Monday, May 10, 2010

About breast cancer awareness... and other things

A lot of ballplayers were using pink bats at U.S. Cellular Field yesterday as my beloved Chicago White Sox dropped another game to the Toronto Blue Jays.

They were using pink bats all around the majors yesterday as MLB raised awareness and funds for the Susan G. Komen for the Cure Foundation. There were also walks and runs and other fundraising events here in Chicago and across the country on Mother's Day.

Long Suffering Spouse and I attended yesterday's ballgame, courtesy of Oldest Son, who now has the kind of weekend season tickets we used to have in those happy days before tuition. He couldn't go because he had his bachelor party Friday night and Saturday night -- and he figured (correctly) he might need some recuperation time thereafter.

So he'd given us his tickets as a Mother's Day/Anniversary present. (It was our 28th Anniversary Saturday. Thank you.)

Anyway, Oldest Son's seats are better than the seats we used to have when he was little -- and I could see where, on a steamy, hot Sunday afternoon his seats (in full shade, with a breeze off the concession area) would be simply fabulous.

Yesterday, though, with the temperature in the 50s -- well, we lasted a few innings, then decided to move around to seats in the sunshine.

We were not alone. By the late innings of the game, almost no one was left in the shade -- and almost no seats were to be had in any areas receiving full sun.

The area where we came to rest was largely populated by persons who'd participated in one of the breast cancer charity events earlier that day. I knew that because many were sporting distinctive t-shirts: "Boob Supporter," for example. I saw a lot of women wearing these. Another woman wore a t-shirt with a black, lacy brassiere imprinted on the front, festooned with a pink ribbon where a rosette might sometimes be found. Her t-shirt read, "I Support the Girls." Then there was the man with the t-shirt that read "I ♥ Boobs." In parentheses near the bottom of the shirt was printed the admonition, "If you don't check 'em, I will."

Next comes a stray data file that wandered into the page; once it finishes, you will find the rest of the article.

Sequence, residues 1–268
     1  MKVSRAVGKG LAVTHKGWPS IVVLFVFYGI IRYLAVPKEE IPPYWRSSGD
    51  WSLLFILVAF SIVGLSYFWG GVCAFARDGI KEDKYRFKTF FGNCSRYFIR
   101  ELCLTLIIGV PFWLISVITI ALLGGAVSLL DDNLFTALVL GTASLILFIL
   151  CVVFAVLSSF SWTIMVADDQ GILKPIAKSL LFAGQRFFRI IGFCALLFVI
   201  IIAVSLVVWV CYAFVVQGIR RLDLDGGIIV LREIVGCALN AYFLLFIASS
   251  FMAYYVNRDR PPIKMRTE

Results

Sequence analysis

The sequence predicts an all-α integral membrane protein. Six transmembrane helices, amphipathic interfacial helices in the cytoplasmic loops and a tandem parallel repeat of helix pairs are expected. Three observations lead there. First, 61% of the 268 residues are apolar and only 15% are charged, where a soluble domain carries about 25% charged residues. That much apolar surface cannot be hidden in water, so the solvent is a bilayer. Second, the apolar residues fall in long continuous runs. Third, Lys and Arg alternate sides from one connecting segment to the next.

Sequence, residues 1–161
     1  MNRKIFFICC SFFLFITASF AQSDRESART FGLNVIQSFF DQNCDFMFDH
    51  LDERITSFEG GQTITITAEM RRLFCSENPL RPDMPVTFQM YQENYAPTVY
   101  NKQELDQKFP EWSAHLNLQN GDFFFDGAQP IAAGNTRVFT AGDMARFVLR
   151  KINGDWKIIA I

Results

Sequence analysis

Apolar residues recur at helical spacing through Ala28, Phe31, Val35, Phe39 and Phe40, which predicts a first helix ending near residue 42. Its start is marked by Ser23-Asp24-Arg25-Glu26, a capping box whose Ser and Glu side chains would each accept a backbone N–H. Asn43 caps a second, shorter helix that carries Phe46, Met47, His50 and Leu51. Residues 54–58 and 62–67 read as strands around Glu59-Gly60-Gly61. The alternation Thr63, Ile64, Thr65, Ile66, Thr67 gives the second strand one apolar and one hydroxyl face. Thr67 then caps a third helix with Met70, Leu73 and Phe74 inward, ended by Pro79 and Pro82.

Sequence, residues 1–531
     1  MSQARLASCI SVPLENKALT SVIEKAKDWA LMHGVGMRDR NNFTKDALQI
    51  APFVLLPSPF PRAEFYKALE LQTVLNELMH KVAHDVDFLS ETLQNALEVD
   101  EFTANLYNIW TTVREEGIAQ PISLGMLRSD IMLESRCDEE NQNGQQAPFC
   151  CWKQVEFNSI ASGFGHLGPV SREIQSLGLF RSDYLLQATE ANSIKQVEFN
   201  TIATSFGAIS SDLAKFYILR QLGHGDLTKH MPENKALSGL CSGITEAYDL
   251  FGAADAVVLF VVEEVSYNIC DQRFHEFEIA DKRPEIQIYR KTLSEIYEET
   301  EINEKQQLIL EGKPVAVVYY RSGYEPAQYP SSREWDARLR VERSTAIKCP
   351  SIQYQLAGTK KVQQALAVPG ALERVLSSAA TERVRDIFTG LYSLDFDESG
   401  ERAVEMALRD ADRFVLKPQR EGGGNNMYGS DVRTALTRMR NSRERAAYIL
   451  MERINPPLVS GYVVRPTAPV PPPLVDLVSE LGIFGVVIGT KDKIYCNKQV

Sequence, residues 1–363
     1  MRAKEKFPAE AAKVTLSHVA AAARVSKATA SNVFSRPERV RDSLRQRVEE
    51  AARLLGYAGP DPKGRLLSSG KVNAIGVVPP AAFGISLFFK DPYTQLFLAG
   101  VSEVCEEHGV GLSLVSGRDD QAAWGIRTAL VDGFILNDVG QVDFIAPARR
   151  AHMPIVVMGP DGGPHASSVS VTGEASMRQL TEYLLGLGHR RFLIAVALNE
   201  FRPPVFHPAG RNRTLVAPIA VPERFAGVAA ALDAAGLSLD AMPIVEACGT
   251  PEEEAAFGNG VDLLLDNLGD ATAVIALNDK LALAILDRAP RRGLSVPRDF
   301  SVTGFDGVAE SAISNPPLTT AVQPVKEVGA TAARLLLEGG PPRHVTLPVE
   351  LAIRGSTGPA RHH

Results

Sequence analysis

It occurred to me that, on almost any other day, this man would have had his face slapped by just about every woman who happened to read his shirt. I mentioned this to Long Suffering Spouse.

"I don't know why breast cancer gets all this attention," my wife said. "There are other cancers that cause more deaths than breast cancer. Lung cancer and colon cancer to name two." (Colon cancer doesn't just run in my family; it practically gallops. I've had colon cancer. So we are aware of these things.)

As I mulled my wife's statements over, two thoughts occurred to me. But I only talked about one. "Imagine, if you will," I told her, "a colon cancer awareness campaign: What sorts of smart-aleck t-shirts could you come up with for that?"

She made a face. "Oh," she said. "They'd be gross."

"Precisely," I said, and went back to watching the game.

1 comment:

Breast Cancer Awareness said...

Each year 40,000 people die of breast cancer 400 of them will be men. Out of every 8 women 1 will be diagnosed with it. Breast cancer is the second cause of cancer related death in women. Women who have been diagnosed must undergo extensive cemo or radiation (sometimes both) and many times life altering mastectomies and plastic surgery.